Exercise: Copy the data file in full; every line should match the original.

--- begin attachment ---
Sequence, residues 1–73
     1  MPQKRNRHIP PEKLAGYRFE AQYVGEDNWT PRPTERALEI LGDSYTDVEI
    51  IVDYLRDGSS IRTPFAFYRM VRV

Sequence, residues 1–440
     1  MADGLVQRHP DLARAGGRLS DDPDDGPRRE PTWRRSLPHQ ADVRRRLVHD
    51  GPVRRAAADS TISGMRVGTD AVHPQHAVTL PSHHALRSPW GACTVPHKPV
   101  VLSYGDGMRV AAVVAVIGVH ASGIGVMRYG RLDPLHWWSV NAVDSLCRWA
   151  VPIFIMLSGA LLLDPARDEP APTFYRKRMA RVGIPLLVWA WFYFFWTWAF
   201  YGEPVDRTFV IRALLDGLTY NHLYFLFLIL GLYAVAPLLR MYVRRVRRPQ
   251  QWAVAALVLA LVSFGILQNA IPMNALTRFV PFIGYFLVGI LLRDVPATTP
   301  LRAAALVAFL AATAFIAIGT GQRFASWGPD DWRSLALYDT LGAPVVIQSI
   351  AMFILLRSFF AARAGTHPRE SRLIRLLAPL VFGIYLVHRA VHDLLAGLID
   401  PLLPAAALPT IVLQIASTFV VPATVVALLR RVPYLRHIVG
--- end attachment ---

Sequence, residues 1–73
     1  MPQKRNRHIP PEKLAGYRFE AQYVGEDNWT PRPTERALEI LGDSYTDVEI
    51  IVDYLRDGSS IRTPFAFYRM VRV

Sequence, residues 1–440
     1  MADGLVQRHP DLARAGGRLS DDPDDGPRRE PTWRRSLPHQ ADVRRRLVHD
    51  GPVRRAAADS TISGMRVGTD AVHPQHAVTL PSHHALRSPW GACTVPHKPV
   101  VLSYGDGMRV AAVVAVIGVH ASGIGVMRYG RLDPLHWWSV NAVDSLCRWA
   151  VPIFIMLSGA LLLDPARDEP APTFYRKRMA RVGIPLLVWA WFYFFWTWAF
   201  YGEPVDRTFV IRALLDGLTY NHLYFLFLIL GLYAVAPLLR MYVRRVRRPQ
   251  QWAVAALVLA LVSFGILQNA IPMNALTRFV PFIGYFLVGI LLRDVPATTP
   301  LRAAALVAFL AATAFIAIGT GQRFASWGPD DWRSLALYDT LGAPVVIQSI
   351  AMFILLRSFF AARAGTHPRE SRLIRLLAPL VFGIYLVHRA VHDLLAGLID
   401  PLLPAAALPT IVLQIASTFV VPATVVALLR RVPYLRHIVG